Not much advice, just sympathy here! I always count on the first 3 months of a new job being really awful, the next 3 months tolerable, and only after that can I really see if I’m thriving. That was certainly the case when I returned from mat leave - and like me, you only took 6m off so your LO must still be smallish, and you’re quite recently out of your NQT year too. It must all feel overwhelming!

Theoverstretchedmultitasker Tue 10-Sep-19 07:38:42

Thank you. I had already discussed it with DH but I was still worried I was being precious. I have decided to go and speak to the head today, as they're line managing one of my departments and always emphasise that people should come and speak to them about any issues they have. They should also be able to clarify who my actual line manager is.

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Theoverstretchedmultitasker Tue 10-Sep-19 17:31:50

Very disappointed with how the head handled my concerns and did not feel taken seriously or listened to at all. Will be doing some research tonight into job opportunities and the benefits available if we were to have DC2 now and I became a SAHM.

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noblegiraffe Tue 10-Sep-19 18:06:55

Did the head have any suggestions?

Theoverstretchedmultitasker Tue 10-Sep-19 18:22:07

Ask for help (which is what I was doing by meeting them) and I can change the day I'm on break duty. But basically I've got all the random subjects because I wanted to come back four days instead of three (this was never communicated to me) and this is the reality up and down the country and it's normal to struggle when coming back from maternity leaveconfused I actually cried twice and said I had the worst timetable in the school (I do) and that the kids aren't getting the best education that they deserveblush. Also the gem that they have confidence in me. That's great, but I feel crap, surely that should matter too?

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7salmonswimming Tue 10-Sep-19 18:35:28

Sorry, not an educator so no advice from that POV. I’m sorry if anyone feels the way you do in whatever job they do.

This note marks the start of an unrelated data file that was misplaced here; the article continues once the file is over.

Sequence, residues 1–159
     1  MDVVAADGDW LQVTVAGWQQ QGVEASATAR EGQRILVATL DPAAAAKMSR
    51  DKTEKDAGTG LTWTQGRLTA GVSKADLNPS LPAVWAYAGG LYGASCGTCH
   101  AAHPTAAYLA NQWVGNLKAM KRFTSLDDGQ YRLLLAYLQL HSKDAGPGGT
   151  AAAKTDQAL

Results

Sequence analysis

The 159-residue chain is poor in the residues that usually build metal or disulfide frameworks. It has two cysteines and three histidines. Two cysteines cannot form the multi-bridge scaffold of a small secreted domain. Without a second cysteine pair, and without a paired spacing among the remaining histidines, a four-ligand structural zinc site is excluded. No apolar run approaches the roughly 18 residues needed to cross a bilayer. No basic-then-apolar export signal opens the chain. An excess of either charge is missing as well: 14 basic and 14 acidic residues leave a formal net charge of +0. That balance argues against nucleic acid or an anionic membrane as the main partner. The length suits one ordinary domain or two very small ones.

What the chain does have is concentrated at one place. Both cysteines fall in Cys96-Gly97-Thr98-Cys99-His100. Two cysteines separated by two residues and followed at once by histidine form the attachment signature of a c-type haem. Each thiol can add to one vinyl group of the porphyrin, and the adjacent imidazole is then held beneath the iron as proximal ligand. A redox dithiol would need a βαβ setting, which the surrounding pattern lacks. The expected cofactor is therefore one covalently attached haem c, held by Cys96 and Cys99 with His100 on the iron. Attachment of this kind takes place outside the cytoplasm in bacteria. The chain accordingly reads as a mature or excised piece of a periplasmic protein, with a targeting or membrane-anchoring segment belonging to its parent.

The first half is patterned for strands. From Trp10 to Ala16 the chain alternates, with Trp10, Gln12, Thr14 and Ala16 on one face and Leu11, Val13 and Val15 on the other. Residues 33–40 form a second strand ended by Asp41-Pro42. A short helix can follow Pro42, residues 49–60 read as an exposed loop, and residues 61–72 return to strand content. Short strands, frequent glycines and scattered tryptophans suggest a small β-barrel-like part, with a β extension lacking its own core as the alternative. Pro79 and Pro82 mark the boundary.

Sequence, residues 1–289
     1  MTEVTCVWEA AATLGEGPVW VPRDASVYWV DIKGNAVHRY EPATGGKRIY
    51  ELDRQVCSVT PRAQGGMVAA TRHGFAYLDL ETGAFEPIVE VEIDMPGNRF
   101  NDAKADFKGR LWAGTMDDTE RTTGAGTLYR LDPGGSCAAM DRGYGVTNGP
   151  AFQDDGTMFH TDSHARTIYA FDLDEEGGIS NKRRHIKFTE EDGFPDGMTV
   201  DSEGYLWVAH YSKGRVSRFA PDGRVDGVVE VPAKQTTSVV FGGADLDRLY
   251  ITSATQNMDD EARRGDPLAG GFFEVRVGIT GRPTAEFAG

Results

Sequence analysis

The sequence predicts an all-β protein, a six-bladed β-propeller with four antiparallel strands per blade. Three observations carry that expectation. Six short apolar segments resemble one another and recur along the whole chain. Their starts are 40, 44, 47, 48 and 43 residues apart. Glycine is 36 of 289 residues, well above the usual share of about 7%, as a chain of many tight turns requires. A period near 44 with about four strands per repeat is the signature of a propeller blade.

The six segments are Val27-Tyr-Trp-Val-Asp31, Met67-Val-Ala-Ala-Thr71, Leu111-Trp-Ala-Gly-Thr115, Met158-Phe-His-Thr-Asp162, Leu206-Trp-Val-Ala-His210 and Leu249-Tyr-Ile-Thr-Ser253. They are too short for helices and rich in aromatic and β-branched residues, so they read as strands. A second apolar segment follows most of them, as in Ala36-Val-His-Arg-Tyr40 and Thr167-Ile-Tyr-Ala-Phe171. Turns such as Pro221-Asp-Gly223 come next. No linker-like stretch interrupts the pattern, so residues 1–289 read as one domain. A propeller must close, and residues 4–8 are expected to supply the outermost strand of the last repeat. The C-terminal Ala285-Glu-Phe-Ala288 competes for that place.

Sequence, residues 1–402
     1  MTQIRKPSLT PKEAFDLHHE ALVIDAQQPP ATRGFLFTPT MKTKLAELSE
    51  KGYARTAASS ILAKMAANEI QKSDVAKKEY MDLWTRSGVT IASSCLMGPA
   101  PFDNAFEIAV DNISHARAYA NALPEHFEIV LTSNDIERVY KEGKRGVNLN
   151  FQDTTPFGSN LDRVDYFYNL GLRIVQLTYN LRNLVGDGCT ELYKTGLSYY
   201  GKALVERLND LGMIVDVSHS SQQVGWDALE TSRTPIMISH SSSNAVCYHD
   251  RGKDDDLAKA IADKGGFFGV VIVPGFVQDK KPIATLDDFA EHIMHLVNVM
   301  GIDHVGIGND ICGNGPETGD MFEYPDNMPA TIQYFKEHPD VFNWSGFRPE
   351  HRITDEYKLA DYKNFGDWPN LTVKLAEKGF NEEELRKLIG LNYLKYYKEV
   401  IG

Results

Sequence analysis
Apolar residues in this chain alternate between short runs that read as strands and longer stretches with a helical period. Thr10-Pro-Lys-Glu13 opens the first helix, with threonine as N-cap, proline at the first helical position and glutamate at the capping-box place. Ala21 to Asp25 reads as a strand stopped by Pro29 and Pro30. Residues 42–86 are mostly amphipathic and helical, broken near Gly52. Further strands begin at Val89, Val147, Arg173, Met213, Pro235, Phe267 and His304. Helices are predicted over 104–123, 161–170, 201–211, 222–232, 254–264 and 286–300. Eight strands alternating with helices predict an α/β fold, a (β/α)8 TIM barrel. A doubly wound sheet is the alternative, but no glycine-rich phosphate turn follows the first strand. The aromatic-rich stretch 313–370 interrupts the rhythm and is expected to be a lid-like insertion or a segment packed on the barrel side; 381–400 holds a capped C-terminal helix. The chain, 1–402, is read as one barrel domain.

It very much sounds as though the SEN kids you’ve been assigned have been given an unqualified teacher (in the sense that your training is not in the subjects you’re teaching these specific children), in the worst classrooms, with inadequate facilities (poor IT).

These poor kids. They’re being fobbed off. Makes you want to cry.

You’re being taken advantage of, as clearly you want to do the best by your pupils. Your head is probably hamstrung by budgetary and other restraints. What a shambles.

picklemepopcorn Tue 10-Sep-19 18:36:33

You seem to be assuming that you won't ever be able to do the new subjects.

Don't you think you'll get in the swing of it after a couple of weeks, especially as the children aren't operating at a high level of knowledge? I'm commenting from the perspective of a primary school teacher, having to teach computer programming and music without any training or aptitude.

JustWonderingWhether Tue 10-Sep-19 18:38:34

ITS NOT RIGHT 💐💐💐💐💐💐💐💐

Hopesorfears Tue 10-Sep-19 18:47:44

Of course it's normal to find it a bit tough coming back from maternity leave, but they have not chosen to make it at all easy for you with multiple rooms and subjects! If you talk about the stress that should be a trigger for some intervention or support. Your union rep can support you with asking. They could relook at the rooming to move at least some of your classes together.

Gigis Tue 10-Sep-19 18:50:07

Totally unacceptable and not 'normal' either. She is fobbing you off about up and down the country. Coming back from maternity leave IS hard though, and you must be exhausted and adjusting to school after a period of time off is so hard with trying to balance a child too, you have my sympathy.

Your head sounds insensitive, are you part of a union?

Theoverstretchedmultitasker Tue 10-Sep-19 19:10:21